Sujet: violence histoire guerre religion Époque: Préhistoire Antiquité
Item type: Ouvrage List(s) this item appears in: MOM - 1 - Nouveautés - Novembre 2023 | MOM-REF-Novembre 2023 | MOM-REF-2023
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Lyon : MOM - Bibliothèque de la Maison de l'Orient et de la Méditerranée Libre accès Papier REF AC8.C44. V5 Vol. 1 (Browse shelf(Opens below)) Available 104847

Bibliogr. en fin de contributions. Notes bibliogr. Index

Introduction. The nature of violence in the prehistoric and ancient worlds Linda Fibiger, Garrett G. Fagan and Mark Hudson
Part I. The Origins of Conflict and the Emergence of Warfare: Introduction
1. Why we fight: the origins of violence Steven LeBlanc
2. Violence in Archaic and early modern humans: Palaeolithic and Mesolithic Europe and beyond Joerg Orschiedt
3. Settled lives, unsettled times - Neolithic violence Rick Schulting, Martin Smith and Linda Fibiger
4. Violence during the later Stone Age of Sub-Saharan Africa Alan G. Morris
5. Weapons, warriors, and warfare in Bronze Age Europe Barry Molloy
6. Weapons, ritual, and warfare: violence in Iron Age Europe Peter Wells
7. The origins of violence and warfare in the Japanese islands Mark Hudson, Rick Schulting and Linda Gilaizeau
Part II. Pre-Historic and Ancient Warfare: Introduction
8. Hunting and warfare: ritualization of violence in Ancient Egypt John Darnell
9. Warfare, militarism, and political dynamics in the precolumbian Maya lowlands Stanley Serafin
10. Violence and warfare in the Ancient Near East Steven Garfinkle
11. Violence and the Roman way of warfare Jonathan P. Roth
12. Roman warfare in late antiquity Doug Lee
13. Violence and warfare in early Imperial China Wicky Tse
Part III. Intimate and Collective Violence in the Pre-Historic and Ancient Worlds: Introduction
14. Early massacres: mass violence in Neolithic Europe Christian Meyer
15. A gendered analysis of violence from the Iron Age to the end of the Romano- British period Rebecca Redfern
16. Violence in ancient Egyptian society Donald Redford
17. Violence and the mutilated body in Achaemenid Iran Lloyd Llewellyn-Jones
18. 'Knocking her teeth out with a stone': violence against women in Ancient Greece Lloyd Llewellyn-Jones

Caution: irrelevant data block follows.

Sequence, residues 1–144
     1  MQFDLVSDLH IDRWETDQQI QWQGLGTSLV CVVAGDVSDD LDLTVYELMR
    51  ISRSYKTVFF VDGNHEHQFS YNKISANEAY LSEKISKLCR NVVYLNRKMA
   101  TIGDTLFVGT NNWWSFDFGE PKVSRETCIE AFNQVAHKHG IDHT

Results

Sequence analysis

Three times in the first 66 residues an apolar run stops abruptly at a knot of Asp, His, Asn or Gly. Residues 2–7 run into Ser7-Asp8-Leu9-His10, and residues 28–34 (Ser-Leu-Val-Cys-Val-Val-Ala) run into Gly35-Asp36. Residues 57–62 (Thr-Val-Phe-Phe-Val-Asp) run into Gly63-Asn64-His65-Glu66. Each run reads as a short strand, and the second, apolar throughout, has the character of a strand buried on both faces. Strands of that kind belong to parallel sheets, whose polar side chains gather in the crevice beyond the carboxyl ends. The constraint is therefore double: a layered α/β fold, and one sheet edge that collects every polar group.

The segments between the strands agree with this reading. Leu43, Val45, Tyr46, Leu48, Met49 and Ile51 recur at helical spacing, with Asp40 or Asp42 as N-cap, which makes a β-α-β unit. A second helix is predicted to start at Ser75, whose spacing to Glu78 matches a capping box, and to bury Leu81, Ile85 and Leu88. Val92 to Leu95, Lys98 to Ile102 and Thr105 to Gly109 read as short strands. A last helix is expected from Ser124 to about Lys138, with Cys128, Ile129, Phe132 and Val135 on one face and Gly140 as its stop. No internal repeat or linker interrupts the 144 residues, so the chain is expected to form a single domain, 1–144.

19. Gang violence in the late Roman Republic Jeffrey Tatum
20. Violence in early Imperial China Charles Sanft
Part IV. Religion, Ritual and Violence in the Pre-Historic and Ancient Worlds: Introduction
21. Ritual violence and headhunting in Iron Age Europe Ian Armit
22. Ritual killing and sacrifice in the Ancient Near East Luis Siddall
23. Animal sacrifice in the ancient Greek and Roman worlds Fred S. Naiden
24. Combat sports in the ancient world Michael J. Carter
25. Religious violence in late antiquity Peter Van Nuffelen
Part V. Violence, Crime and the State in the Ancient World: Introduction
26. Violence, law, and community in classical Athens Matthew Trundle
27. Roman violence: state and community Garrett G. Fagan
28. Suicide and martyrdom among Christians and Jews Candida R. Moss
Part VI. Representations and Constructions of Violence in the Ancient World: Introduction
29. Kingship and violence in classical India, c. 500 BCE to 500 CE Upinder Singh
30. Violence and the Bible Debra Scoggins Ballentine
31. Representations of violence in ancient Mesopotamia and Syria Davide Nadali
32. Representations of war and violence in Ancient Rome Susann Lusnia
33. Military violence in vedic and epic India Jarrod Whitaker.

The first in a four-volume set, The Cambridge World History of Violence, volume I provides a comprehensive examination of violence in prehistory and the ancient world. Covering the period through to the end of classical antiquity, the chapters take a global perspective spanning sub-Saharan Africa, the Near East, Europe, India, China, Japan and Central America. Unlike many previous works, this book does not focus only on warfare but examines violence as a broader phenomenon. The historical approach complements, and in some cases critiques, previous research on the anthropology and psychology of violence in the human story. Written by a team of contributors who are experts in each of their respective fields, this volume will be of particular interest to anyone fascinated by archaeology and the ancient world